'Try to look as if nothing has happened, and when you analyse it, nothing much has.' Those words spoken by Patricia Hodge's character in Trevor Nunn's production of Noël Coward's Relative Values are factually accurate.
After the manner of comedy, we end more or less where we began, the transitory chaos dispersed and order restored. But when ‘nothing’ is as much fun as this, who could object?
Coward's Relative Values opens in a country house reeling from the news that its heir has gone and got himself engaged to a Hollywood actress. The household is pretending to be distracted by the 'full-blooded crisis' brewing about the church fete, but all minds are on the imminent arrival of film star Miranda Frayle, and as we gradually find out, some have more reason to dread her arrival than others.
The play has two pivotal roles and in this production at the Theatre Royal in Bath we're treated to performances from two of our greatest comic actresses. Patricia Hodge (best known as the mother in BBC sit-com Miranda) plays the matriarch of the house, Felicity, Countess of Marshwood, while Caroline Quentin plays the reliable housekeeper and lady's maid, Moxie.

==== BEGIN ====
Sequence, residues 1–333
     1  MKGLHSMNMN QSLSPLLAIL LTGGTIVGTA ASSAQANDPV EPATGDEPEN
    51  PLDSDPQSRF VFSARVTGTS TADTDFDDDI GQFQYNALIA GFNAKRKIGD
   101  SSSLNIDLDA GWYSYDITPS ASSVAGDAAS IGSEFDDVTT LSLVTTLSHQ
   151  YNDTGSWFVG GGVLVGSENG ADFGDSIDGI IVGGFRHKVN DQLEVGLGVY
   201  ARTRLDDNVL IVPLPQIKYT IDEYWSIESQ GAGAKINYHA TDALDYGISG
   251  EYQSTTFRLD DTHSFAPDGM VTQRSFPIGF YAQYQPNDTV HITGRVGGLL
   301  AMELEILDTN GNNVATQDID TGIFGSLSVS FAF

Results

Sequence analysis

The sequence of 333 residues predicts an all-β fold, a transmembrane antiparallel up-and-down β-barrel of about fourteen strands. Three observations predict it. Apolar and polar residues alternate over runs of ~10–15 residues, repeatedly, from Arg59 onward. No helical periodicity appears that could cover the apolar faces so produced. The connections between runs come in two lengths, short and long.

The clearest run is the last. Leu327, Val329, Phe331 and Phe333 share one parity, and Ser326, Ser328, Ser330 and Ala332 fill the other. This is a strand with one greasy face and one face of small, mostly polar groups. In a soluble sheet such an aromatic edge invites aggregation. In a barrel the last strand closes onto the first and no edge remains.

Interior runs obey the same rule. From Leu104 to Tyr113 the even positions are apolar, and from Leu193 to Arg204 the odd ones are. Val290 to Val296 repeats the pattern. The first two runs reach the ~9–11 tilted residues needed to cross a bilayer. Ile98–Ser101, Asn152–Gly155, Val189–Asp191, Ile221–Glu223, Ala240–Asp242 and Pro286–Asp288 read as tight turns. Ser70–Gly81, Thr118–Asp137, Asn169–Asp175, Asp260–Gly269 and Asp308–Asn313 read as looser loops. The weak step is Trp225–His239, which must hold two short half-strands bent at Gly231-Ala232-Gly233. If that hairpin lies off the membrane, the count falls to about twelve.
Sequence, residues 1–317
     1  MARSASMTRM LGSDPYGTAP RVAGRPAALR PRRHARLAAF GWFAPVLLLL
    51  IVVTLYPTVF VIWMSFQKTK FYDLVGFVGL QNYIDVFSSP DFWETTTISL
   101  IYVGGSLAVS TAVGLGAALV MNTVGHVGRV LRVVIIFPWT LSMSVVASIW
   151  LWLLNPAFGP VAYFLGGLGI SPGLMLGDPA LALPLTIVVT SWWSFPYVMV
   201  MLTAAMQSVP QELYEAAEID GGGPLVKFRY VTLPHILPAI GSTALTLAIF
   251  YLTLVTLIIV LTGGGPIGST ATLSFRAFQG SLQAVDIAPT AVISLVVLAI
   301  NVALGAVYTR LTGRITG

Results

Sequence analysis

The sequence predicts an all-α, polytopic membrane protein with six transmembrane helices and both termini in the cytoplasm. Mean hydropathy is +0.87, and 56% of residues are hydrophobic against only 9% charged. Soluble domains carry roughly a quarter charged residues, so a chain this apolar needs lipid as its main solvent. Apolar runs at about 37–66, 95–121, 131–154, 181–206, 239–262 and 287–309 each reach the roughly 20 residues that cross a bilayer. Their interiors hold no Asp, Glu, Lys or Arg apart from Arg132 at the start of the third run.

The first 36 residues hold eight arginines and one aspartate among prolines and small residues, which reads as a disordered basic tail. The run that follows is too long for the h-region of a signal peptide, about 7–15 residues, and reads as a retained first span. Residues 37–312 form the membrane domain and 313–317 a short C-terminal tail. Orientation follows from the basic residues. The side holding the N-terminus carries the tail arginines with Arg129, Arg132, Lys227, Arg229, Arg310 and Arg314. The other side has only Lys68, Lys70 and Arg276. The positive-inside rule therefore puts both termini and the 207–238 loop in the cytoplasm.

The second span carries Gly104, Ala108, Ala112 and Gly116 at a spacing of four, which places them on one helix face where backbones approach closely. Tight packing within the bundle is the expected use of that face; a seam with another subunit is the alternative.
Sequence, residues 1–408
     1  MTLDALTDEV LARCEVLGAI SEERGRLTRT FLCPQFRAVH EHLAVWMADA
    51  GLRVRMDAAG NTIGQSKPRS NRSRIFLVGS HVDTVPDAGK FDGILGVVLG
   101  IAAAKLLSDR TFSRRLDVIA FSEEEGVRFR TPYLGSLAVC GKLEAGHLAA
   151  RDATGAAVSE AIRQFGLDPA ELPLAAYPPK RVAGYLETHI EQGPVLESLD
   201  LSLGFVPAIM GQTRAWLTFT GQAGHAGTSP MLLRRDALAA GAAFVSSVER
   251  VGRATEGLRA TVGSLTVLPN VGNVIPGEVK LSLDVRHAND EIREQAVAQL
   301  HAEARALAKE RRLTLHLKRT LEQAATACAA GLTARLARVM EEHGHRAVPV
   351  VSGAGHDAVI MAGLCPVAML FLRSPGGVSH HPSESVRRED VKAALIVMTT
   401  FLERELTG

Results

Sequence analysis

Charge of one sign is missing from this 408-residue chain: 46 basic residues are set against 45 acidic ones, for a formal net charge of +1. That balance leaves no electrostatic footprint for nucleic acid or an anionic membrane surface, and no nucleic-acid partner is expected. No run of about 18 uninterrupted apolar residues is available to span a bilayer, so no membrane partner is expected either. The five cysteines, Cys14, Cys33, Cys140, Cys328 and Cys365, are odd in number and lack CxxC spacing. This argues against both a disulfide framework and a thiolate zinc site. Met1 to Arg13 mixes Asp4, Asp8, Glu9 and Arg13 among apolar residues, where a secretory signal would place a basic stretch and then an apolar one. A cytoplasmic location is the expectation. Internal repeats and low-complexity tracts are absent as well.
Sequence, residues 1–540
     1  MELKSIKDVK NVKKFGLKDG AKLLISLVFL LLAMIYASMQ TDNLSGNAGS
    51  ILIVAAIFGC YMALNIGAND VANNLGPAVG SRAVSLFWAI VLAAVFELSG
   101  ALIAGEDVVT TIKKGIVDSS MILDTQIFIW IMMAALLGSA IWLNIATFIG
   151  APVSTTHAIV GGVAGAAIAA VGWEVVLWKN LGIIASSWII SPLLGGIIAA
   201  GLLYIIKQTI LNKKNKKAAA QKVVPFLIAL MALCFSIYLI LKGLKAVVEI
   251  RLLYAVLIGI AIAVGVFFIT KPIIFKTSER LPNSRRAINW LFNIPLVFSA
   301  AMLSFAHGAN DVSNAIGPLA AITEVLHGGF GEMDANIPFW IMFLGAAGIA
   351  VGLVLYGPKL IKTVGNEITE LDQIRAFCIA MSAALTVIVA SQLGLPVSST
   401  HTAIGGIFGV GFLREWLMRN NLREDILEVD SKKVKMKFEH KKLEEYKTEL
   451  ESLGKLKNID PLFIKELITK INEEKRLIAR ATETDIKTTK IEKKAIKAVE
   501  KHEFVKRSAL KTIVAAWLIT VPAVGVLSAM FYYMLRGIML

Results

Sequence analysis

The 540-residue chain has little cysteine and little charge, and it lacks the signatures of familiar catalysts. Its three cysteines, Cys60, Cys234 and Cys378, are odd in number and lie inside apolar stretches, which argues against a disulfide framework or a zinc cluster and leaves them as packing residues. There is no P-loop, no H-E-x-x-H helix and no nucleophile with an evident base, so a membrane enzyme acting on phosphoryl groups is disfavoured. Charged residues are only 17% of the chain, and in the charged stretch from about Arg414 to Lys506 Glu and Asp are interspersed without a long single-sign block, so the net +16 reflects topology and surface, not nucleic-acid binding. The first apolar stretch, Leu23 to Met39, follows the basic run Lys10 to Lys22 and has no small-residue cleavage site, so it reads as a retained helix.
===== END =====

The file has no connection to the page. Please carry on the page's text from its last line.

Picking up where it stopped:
Hodge speaks Coward's lines as if to the manner (and manor) born and Quentin's fiery maid gets some of the evening's biggest laughs. But this is an ensemble piece with Rory Bremner's butler Crestwell – who pronounces ‘change’ as if it’s a foreign word – and Steven Pacey as Felicity's nephew, Peter, providing the other half of a strong comic quartet. And yet, there’s more to Coward’s text than Downton Abbey with jokes, he also has the British class system – and our affection for it – in his sights.
It’s the arrival of Miranda Frayle (played by Katherine Kingsley) that really disturbs the country house equilibrium. She's an ersatz-Marilyn (Nunn even has her in a similar dress to Monroe’s famous Seven Year Itch frock) with terrible embroidery, gauche manners and an undisguised horror at having to live with her future mother-in-law. Kingsley does a great job acting the consummate play-actor, who’s matched in her theatricality only by her American ex-flame, Don Lucas (Ben Mansfield), who turns up unannounced during dinner.
It’s perhaps not one of Coward’s best-known works for a reason – some of the dialogue is flabby and the resolution comes about a touch too suddenly. But there’s plenty to enjoy in this beautifully designed, deftly directed comedy of manors.
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